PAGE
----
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|Every year when we sit down to write this letter and ask you to support us in the Jimmy Fund Walk, it is a challenging process. It is difficult to look back and relive some of the worst and most defining moments in our lives. This year, writing this letter is particularly difficult. When we reflect on what we have experienced as a family over this past year, and the role Dana Farber played in that saga, we are overcome with many feelings, but mostly - gratitude.|
As most of you know, around this time last year, Tova was diagnosed with Hodgkins Lymphoma. She was 31 weeks pregnant with our fourth son at the time. We couldn’t stop thinking to ourselves that this must be a really bad joke, and for two people who don’t particularly relish drama, our lives were turning into a bad soap opera. Everything moved very quickly, and we immediately knew that she needed to be treated at Dana Farber. Dani contacted Dr. Wen, his neuro-oncologist whom he has written about so highly in previous years, and explained the situation. Dr. Wen immediately responded, referring us to Dr. Ann LaCasce, whom he spoke the world of. He was not exaggerating.
Needless to say, while the presentation of Tova’s cancer was not particularly irregular, the circumstances surrounding it - Tova’s pregnancy - were. The high volume of patients that are seen at Dana Farber, and the fact that Hodgkin’s Lymphoma is not an atypical cancer for patients to get in their 20s and 30s (their childbearing years), meant that Tova’s oncologist had previously treated a number of pregnant patients, and had worked closely with high-risk OB specialists in this field. As we quickly learned, an unfortunate reality for women who are diagnosed with cancer during pregnancy is that they are chronically undertreated, often by physicians who do not have expertise or experience treating patients who are pregnant, and this lack of knowledge can lead to detrimental effects for patients. Having a world-class team help us weigh our options (none of them ideal) and lend their expertise is one of our greatest blessings.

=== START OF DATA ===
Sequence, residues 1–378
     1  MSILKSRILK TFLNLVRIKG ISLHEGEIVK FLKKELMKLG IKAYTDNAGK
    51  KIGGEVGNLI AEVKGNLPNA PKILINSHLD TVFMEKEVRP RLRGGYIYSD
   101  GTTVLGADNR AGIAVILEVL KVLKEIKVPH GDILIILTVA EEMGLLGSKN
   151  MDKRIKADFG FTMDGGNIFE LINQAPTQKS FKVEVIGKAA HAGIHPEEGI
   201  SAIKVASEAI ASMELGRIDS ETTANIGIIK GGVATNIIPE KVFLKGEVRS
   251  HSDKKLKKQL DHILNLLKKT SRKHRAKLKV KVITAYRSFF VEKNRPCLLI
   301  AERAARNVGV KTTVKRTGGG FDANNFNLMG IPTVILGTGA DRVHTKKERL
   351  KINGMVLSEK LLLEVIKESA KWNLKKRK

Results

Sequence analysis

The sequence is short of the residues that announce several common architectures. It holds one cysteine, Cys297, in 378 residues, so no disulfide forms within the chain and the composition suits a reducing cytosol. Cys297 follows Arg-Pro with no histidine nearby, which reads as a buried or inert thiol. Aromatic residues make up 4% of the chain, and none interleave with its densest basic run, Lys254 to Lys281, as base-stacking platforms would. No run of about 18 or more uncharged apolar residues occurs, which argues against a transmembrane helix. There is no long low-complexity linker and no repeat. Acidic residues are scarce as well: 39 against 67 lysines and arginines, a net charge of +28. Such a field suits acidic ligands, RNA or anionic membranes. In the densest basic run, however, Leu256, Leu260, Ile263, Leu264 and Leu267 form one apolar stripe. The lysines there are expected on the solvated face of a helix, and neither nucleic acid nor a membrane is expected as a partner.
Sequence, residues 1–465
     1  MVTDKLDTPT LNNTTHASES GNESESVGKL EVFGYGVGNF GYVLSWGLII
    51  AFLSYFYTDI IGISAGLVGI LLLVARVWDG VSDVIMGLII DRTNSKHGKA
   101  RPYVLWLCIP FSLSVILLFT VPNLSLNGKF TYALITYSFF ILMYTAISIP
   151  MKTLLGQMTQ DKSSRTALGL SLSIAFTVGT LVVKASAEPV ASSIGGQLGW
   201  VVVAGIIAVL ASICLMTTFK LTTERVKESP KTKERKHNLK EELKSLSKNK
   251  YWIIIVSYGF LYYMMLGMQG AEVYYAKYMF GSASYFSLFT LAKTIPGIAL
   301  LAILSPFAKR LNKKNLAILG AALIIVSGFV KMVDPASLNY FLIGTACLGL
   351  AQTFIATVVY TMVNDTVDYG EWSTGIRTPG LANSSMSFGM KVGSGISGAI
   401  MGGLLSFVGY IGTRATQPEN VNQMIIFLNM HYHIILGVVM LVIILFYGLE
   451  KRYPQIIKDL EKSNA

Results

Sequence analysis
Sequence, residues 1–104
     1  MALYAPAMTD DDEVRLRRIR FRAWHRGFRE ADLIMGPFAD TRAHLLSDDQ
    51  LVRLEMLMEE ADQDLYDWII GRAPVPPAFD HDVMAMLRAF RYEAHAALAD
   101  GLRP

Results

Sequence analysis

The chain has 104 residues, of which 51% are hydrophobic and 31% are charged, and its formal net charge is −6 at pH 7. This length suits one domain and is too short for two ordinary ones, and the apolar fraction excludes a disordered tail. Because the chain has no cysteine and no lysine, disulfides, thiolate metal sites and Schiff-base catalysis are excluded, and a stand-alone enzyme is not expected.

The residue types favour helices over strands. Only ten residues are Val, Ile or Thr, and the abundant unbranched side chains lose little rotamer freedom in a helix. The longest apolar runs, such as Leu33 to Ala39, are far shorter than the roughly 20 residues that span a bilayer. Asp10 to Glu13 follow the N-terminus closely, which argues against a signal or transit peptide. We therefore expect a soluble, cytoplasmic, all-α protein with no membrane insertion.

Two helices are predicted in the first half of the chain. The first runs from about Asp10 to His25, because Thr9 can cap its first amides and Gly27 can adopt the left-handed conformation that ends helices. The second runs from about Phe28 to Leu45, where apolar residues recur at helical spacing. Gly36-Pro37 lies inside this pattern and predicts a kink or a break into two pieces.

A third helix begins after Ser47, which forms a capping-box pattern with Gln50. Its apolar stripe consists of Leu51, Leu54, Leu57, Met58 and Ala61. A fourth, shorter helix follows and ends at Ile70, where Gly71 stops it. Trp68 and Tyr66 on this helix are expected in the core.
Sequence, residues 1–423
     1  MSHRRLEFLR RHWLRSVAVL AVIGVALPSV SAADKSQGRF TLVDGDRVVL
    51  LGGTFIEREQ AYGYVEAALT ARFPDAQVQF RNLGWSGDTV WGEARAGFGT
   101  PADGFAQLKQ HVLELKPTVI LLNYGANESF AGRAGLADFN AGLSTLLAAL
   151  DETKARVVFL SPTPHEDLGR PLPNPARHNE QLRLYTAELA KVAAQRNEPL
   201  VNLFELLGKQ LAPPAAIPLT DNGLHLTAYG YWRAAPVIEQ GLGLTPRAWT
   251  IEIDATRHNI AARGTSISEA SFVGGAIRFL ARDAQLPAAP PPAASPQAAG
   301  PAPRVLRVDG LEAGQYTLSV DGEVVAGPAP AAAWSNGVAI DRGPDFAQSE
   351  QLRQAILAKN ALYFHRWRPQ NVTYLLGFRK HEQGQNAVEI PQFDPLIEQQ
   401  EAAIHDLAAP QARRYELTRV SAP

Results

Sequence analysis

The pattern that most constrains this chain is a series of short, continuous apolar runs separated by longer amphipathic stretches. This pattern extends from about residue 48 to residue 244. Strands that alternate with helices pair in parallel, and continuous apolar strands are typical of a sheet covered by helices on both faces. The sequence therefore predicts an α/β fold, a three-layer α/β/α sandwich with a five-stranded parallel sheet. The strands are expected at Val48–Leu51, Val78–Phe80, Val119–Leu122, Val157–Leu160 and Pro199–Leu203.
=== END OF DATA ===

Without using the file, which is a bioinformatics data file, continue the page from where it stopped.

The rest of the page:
Thus began a whirlwind of testing, doctor’s appointments, regular ultrasounds, decisions, and the onset of chemotherapy. A careful balance had to be struck between managing Tova’s cancer, her symptoms, her side effects from the treatment, the baby’s delivery via cesarean section, and of course, the health and safety of our unborn child. This took tireless collaboration between Tova’s oncologist, the high risk OB, her regular OB, the neonatal team and the anesthesiologists, and Tova’s team at Dana Farber excelled at managing this complicated situation.
Showing up at Dana Farber for chemotherapy while pregnant was kind of an odd sight, but the team at Dana Farber, from the valet drivers to the nurses, create the most kind and healing environment, and do whatever they can to make you comfortable. Nothing about chemo is fun, no matter how much “Curb Your Enthusiasm” you watch during infusions, but kindness and sensitivity permeate that special place. There is truly no place like it.